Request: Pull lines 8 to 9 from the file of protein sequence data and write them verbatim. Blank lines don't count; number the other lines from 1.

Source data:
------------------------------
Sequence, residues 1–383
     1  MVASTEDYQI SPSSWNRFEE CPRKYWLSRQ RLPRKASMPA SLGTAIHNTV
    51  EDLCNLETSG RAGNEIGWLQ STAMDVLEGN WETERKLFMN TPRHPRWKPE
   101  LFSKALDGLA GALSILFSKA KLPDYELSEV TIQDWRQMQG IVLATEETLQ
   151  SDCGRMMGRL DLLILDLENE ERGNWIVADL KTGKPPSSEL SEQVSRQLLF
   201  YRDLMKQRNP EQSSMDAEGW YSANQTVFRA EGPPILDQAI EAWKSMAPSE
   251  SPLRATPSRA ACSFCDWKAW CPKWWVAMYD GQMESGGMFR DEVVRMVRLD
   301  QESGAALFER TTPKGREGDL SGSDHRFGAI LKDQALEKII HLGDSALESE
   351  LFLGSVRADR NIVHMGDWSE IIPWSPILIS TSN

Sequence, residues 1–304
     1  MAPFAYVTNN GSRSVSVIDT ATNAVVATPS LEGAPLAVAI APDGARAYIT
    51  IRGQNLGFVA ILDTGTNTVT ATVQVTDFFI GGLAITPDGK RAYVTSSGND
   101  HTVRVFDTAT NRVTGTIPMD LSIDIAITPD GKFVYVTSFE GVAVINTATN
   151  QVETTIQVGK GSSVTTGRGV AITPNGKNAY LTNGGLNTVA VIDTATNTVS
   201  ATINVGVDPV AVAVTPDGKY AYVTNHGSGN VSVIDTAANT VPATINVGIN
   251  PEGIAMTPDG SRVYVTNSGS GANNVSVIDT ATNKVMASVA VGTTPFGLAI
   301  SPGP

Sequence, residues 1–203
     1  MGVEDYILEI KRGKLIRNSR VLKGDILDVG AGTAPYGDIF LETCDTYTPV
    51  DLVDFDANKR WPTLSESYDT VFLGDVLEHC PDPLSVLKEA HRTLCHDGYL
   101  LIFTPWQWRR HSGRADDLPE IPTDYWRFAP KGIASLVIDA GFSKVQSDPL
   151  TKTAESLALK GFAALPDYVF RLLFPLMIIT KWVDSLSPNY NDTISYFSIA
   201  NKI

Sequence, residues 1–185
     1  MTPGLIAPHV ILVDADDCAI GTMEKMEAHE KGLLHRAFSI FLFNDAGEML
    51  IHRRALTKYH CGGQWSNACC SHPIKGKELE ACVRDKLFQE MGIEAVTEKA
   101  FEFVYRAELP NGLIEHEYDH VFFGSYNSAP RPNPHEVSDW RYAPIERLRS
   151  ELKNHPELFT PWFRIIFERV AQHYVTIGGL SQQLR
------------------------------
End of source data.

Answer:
   301  QESGAALFER TTPKGREGDL SGSDHRFGAI LKDQALEKII HLGDSALESE
   351  LFLGSVRADR NIVHMGDWSE IIPWSPILIS TSN